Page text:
And contraception DOES fail, regardless of method (well, permanent sterilization is far less likely to fail, but it does happen from time to time; and if you depend on the free condoms handed out on college campuses or shipped to Africa, you’re basically playing Russian Roulette with two bullets chambered).

        • Steve

          What does any of that have to do with globalization and competing with nations who pay their laborers pennies on the dollar?? I mean, you made a bit of jump essentially mid-sentence there…

          • Ted Seeber

            As American laborers in general, we work longer hours to earn our exceedingly high salary, to the detriment of family, friends, and especially children. There is a reason why we’re one of the few first-world countries to not offer any standard maternity leave, and it shows in the abortion rate (as women who see a child as derailing their career, take the obvious choice when becoming pregnant to not give birth).

      • deiseach

        From what I’ve seen of our neighbouring island, not to mention the debate in America, if you’re in school (and this can be secondary school, not university) and you get pregnant unplanned, the expectation is almost “Of course you’ll have an abortion, you can’t derail your education right now or else your life is ruined”.

        Same when you leave school and start on a career – if you don’t intend to start a family until you’re in your mid to late thirties, getting pregnant at twenty-five/twenty-eight can be seen as a disaster (“I’m just getting to where I worked so hard, I absolutely can’t have a baby now!”)

        There is also the new alternative a pregant woman can be offered, if she is carrying twins or triplets – reduction to a singleton. I’ll let you read the story for yourself.

        We’re probably going to go back soon to the polls for yet another referendum on abortion here in Ireland, and it’s going to be messy.

  • http://www.ephesians4-15.blogspot.ca Randy

    This not only makes marriage impossible. It actually makes teleology impossible. Any ultimate good or ultimate truth we accept requires us to reorder our lives around it. What are the odds that is going to get in the way of your promising future just like a marriage does. So you don’t just sacrifice family but religion as well. At least any religion that is not safe. You could still be a liberal Christian.

    • Ted Seeber

      Even liberal Christianity has it’s demands on your life; you have to sacrifice the profit motive for one.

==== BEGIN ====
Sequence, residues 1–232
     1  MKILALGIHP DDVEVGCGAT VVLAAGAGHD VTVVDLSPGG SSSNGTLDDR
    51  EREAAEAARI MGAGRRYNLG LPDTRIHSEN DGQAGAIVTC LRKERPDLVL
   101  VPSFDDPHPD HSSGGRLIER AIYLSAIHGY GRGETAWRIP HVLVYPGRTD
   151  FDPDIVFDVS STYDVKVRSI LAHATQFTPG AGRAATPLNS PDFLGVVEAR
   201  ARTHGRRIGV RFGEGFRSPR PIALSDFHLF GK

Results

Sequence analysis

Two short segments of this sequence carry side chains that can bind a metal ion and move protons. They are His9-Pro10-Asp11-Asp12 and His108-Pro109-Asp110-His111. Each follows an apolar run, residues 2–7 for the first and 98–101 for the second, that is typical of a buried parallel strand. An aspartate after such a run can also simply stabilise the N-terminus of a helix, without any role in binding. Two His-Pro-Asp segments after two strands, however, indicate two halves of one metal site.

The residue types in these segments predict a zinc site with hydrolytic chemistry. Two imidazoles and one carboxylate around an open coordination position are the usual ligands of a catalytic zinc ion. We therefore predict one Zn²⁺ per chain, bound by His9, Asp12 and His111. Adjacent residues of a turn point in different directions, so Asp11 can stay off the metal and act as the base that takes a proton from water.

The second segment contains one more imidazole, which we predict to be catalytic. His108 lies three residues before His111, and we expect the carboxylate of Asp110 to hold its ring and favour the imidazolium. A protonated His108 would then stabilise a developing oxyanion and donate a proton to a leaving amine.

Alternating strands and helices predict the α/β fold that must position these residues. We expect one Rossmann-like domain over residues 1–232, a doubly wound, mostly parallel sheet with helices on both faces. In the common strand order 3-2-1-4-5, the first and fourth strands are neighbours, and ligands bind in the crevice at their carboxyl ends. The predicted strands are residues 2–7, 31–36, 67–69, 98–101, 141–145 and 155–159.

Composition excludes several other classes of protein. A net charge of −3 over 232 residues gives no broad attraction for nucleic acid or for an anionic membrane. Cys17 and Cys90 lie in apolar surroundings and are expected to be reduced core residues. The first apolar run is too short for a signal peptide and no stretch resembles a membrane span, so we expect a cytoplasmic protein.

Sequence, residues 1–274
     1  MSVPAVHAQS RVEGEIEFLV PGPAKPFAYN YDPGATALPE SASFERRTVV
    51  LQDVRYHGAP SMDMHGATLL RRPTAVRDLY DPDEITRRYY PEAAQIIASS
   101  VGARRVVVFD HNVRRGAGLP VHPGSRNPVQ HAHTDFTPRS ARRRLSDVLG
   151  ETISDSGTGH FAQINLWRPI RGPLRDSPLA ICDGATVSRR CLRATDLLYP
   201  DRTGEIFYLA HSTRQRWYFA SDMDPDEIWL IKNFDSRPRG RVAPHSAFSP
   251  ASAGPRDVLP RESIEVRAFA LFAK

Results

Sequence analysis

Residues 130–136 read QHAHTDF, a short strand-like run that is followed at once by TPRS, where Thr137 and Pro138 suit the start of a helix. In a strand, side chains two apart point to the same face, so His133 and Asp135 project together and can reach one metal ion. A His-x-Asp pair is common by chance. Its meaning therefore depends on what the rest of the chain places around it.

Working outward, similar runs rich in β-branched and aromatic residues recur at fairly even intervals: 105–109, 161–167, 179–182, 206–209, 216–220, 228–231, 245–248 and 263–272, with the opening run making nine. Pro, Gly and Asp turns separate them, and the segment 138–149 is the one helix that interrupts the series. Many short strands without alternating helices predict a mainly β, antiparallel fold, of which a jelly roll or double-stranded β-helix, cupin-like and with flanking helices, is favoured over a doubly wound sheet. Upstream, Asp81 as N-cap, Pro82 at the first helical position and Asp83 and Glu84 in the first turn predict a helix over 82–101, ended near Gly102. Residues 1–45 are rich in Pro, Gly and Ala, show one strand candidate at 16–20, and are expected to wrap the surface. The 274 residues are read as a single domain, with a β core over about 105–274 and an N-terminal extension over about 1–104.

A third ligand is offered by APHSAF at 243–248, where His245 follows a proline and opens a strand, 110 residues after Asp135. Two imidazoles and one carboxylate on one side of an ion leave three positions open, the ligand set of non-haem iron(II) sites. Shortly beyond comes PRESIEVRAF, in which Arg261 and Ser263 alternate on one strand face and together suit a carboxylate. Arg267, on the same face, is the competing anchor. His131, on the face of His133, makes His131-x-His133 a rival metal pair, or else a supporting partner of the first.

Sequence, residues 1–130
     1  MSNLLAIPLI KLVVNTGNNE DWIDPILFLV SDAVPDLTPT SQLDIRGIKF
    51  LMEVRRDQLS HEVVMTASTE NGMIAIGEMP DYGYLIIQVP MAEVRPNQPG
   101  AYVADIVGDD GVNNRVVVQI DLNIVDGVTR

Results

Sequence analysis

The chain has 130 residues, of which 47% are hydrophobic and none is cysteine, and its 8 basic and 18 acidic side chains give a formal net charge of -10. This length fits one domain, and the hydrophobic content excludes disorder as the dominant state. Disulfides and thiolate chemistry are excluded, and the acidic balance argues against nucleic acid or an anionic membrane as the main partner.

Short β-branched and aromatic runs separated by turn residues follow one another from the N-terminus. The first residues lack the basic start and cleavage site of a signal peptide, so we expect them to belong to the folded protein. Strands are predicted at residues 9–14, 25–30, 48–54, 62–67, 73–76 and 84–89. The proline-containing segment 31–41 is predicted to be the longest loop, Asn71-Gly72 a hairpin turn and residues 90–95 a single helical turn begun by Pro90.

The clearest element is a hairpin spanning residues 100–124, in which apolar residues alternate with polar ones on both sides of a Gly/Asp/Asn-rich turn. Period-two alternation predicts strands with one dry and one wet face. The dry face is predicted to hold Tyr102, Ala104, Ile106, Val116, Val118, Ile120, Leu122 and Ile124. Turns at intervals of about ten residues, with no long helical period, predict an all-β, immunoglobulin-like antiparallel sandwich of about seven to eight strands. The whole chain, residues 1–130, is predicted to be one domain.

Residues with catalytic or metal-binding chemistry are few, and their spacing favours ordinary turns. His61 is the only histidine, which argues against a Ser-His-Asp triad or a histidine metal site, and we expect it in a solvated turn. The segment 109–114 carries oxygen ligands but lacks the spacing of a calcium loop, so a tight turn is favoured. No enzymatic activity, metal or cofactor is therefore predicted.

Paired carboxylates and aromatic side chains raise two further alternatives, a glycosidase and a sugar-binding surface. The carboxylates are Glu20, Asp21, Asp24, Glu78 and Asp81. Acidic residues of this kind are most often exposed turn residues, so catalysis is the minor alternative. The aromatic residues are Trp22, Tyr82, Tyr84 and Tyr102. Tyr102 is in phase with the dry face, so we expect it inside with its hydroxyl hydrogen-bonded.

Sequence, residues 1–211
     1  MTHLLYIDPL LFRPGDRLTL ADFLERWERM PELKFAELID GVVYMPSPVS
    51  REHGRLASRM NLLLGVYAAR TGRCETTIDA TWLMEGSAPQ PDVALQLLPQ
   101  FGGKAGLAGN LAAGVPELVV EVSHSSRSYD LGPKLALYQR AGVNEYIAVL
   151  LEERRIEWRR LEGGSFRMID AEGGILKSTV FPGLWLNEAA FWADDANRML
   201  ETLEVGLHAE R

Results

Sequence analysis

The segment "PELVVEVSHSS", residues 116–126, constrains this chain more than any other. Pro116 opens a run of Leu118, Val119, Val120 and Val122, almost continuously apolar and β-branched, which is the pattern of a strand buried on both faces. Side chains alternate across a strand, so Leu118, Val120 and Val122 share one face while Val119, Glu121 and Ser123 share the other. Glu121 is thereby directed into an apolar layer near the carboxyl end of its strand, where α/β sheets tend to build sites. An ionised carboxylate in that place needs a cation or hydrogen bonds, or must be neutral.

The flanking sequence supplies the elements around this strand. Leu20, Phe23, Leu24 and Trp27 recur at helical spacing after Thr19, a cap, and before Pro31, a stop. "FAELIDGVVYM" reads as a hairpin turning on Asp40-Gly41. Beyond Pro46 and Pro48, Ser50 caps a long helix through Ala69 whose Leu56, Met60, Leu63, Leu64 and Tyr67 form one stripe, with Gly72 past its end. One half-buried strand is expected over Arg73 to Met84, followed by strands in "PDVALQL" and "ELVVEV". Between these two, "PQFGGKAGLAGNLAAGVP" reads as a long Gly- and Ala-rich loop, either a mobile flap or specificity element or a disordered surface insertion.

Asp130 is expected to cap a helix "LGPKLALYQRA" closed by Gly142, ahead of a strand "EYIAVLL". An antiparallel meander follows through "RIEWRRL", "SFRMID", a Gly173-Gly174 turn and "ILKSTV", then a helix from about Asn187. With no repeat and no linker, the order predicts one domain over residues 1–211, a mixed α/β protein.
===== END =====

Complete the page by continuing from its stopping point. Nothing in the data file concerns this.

• Steve

    While I sympathize with the notion that individuals, couples, parents, etc. are pulled more to work longer hours at jobs that pay less, this whole article just seems naive. Unfortunately middle-class life in much of the US often requires both parents to work at jobs that are often demanding of your time and efforts. If you don’t like the hours you work, quit and go work 20-30 hours a week for $8/hr at McDonalds or at a local grocery store or at Walmart. Of course you’ll be broke in no time. Americans are competing on a global stage with countries that still pay their labor force a fraction of what’s paid here, so if anyone think’s we’ve hit rock-bottom, so to speak, prepare for more disappointment on this front. The loss of intamacy due to the burden of additional work is a separate issue from the loss of intimacy (a point I disagree with) due to a ‘hook-up society’. The former is an adult issue… the latter is a problem for people who haven’t grown up.

    • Emily

      I think it’s not naivete so much as unremarked-upon class divisions – Slaughter and Rosin acknowledge this more directly in their pieces, which Leah references, but they’re talking about upper class women seeking positions of economic and political power. In those cases I think it is more an issue of career as vocation. The people you’re talking about, people who *have* to work long hours at demanding jobs for decreasing pay, who don’t have a choice about “dialing back” or “switching fields”, and who actually ARE threatened by “global competition” (often in structural ways, since when a company wants to switch an office or plant overseas the productivity of individual US workers is irrelevant) are often in a very different class position.